Arctic Yearbook 2015 - Page 319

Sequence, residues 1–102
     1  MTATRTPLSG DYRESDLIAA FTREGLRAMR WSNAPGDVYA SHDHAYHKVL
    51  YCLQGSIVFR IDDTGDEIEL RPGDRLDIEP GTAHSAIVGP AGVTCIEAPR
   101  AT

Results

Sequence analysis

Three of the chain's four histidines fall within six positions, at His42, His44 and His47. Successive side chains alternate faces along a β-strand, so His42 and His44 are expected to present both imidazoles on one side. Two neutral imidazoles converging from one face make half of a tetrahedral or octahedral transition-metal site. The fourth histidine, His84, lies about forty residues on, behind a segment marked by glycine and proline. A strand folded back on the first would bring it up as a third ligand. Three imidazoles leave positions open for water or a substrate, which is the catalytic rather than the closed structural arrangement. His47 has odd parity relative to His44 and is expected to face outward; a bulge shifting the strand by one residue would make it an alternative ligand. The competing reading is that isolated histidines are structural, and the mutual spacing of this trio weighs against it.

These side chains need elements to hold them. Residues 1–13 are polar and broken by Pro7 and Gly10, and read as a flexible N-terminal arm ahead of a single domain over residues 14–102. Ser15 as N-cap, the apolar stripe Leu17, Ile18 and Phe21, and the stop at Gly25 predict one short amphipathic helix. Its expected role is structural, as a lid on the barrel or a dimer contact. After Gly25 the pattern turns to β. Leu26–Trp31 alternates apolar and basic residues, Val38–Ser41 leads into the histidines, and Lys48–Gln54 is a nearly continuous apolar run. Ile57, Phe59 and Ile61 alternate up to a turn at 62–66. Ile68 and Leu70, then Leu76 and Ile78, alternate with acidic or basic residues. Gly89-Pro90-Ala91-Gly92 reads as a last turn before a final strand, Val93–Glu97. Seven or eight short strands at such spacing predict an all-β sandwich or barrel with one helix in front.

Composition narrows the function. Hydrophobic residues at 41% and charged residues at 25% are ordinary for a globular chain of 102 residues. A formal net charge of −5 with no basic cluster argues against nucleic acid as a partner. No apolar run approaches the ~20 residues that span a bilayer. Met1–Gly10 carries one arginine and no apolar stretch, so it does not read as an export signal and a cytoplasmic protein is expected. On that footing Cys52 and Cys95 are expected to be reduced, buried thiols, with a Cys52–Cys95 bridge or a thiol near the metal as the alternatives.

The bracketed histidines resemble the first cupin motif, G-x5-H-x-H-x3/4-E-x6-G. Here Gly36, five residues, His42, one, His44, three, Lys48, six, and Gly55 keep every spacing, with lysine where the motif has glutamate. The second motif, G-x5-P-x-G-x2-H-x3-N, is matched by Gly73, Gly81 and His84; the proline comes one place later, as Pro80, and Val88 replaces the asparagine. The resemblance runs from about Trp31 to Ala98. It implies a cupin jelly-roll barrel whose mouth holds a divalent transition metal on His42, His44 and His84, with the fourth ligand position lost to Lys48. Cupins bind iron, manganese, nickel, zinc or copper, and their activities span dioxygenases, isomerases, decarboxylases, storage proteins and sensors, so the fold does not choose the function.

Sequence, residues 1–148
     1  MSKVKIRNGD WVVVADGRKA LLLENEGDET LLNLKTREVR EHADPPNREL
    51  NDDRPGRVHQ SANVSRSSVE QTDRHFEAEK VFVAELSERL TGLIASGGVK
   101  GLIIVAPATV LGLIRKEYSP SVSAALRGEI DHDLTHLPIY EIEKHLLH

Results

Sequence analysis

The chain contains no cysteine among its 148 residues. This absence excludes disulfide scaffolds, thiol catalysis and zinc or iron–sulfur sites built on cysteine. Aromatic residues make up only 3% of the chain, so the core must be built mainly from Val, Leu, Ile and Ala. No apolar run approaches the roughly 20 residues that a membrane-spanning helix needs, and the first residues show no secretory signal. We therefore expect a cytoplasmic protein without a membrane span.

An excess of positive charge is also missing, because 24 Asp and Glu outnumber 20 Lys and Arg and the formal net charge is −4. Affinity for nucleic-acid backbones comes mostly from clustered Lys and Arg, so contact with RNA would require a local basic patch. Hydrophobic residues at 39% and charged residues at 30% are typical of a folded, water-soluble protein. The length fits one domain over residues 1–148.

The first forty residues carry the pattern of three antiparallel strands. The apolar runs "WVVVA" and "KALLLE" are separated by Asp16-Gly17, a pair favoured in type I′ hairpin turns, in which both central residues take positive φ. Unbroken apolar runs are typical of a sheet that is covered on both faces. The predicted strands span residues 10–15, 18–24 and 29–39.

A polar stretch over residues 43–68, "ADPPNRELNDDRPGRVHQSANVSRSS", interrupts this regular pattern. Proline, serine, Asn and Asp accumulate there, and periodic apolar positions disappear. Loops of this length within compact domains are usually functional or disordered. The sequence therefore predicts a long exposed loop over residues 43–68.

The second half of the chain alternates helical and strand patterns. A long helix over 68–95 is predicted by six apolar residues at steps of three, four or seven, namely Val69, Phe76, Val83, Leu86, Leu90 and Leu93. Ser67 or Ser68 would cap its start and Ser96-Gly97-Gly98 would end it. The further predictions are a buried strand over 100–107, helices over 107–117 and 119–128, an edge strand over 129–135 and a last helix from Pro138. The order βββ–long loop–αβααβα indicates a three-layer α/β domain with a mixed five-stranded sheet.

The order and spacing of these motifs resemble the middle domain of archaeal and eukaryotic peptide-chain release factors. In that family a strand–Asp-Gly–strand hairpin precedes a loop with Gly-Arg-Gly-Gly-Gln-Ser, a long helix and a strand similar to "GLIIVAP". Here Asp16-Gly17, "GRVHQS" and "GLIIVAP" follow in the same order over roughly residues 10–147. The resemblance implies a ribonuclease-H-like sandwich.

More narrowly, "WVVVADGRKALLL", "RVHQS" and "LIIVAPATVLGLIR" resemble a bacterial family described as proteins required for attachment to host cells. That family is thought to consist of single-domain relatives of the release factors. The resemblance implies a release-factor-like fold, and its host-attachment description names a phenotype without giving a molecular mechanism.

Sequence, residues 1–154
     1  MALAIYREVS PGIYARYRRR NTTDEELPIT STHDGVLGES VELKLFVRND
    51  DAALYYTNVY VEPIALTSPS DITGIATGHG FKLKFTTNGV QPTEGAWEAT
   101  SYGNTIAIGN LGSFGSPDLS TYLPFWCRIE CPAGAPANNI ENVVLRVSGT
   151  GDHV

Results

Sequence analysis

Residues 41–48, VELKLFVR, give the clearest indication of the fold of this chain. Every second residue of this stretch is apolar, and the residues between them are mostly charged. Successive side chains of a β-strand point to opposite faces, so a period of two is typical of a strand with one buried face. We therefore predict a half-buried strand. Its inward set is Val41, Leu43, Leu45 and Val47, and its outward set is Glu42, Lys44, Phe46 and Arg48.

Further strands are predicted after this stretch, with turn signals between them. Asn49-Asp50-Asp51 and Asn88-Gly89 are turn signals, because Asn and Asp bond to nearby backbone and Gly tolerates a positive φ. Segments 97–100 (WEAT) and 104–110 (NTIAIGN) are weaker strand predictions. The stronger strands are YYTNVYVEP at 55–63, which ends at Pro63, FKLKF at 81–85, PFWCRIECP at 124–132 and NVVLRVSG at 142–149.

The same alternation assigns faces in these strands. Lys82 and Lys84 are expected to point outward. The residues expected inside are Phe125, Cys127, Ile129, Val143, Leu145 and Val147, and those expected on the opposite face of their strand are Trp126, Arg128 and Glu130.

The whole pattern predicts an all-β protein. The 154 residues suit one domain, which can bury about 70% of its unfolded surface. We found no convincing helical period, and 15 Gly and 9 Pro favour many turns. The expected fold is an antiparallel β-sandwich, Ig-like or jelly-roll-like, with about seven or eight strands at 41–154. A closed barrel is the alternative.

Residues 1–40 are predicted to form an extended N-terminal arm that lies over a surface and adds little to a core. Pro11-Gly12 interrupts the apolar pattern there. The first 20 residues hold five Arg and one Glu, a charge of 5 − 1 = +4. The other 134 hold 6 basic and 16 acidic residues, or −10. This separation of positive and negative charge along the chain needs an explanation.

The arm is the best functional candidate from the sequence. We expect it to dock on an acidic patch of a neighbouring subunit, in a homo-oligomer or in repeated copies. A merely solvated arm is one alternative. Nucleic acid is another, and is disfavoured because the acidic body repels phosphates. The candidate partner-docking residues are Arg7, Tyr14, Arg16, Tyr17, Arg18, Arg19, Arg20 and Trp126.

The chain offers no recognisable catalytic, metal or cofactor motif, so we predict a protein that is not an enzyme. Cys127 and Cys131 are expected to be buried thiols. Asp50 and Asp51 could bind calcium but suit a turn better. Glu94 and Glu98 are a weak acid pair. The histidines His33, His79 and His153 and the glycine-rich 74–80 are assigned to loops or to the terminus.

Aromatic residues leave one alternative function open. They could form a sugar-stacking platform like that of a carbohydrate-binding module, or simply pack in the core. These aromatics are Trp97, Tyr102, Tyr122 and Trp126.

319 Arctic Yearbook 2015 state-level (see e.g. Neumann 2008). As Oran Young (2009: 431) explains in relation to Arctic governance: Although they do not prescribe detailed answers to specific questions about policy, the influence of such discourses is enormous. They often shape the way we formulate questions, and they can direct our thinking in ways that favour some answers and rule out others. As such, the discourses and conceptualisations of the Arctic region and own role therein held by state representatives hold a powerful potential to guide their approach thereto.3 Main findings Arctic statehood was for the majority of the Norwegian state officials primarily conceptualised as a result of geographically and geologically based provisions laid down in UNCLOS. Although a status as a so-called Arctic state is often derived from territory north of the Arctic Circle, oceanic rights clearly constructed an internal hierarchy among these, thereby granting Norway an elevated status even within the group. As a small state, this chimes well with Norway’s quest for international status and influence – a desire to be heard on the international stage (Carvalho & Neumann 2015). As one official explained: There is kind of an ‘A’ and a ‘B’ team in the AC, as there are five states that have borders to the Arctic Ocean, and Norway is one of those. [...] So that is, in a way, the ‘A’ team, those who have direct interests and territories in the Arctic Ocean, while the other states – with areas north of the Arctic Circle, but no border to the Ocean – they are kind of part of this game without participating to the same extent (G). Hence, the specific way in which the Arctic is defined becomes significant for relative status; in this case, emphasising the oceanic definition as it is of particular advantage. Interestingly, the officials’ understandings of (dis)similarity between the two terms ‘the Arctic’ and ‘the High North’ were highly inconsistent, showing the definitional malleability of the region depending on topical context and favoured political outcome (Skagestad 2010). Among the more reflexive comments on the utilisation of either term, one mused: “That sort of depends on who defines what things are; you often define things depending on your own interests” (F). In other words, UNCLOS grants Norway international status, also within the region itself; a status and particular interpretation of Arctic statehood that may advantageously be employed in certain contexts. Land territory north of the Arctic Circle, i.e. Norway’s three northernmost counties, was seen as a further legitimising factor of Arctic statehood, and instrumental in the privileged role as one of the A8. The phrase ‘region of opportunities’ (‘mulighetenes landsdel’) was repeated by many, highlighting the optimism tied to economic resource development in the northern areas benefitting the whole country. This particular focus on Northern Norway granted legitimacy not just abroad, but also among a domestic electorate; in turn necessitating specific political action to match the rhetoric in the form of investment in the northernmost counties: Medby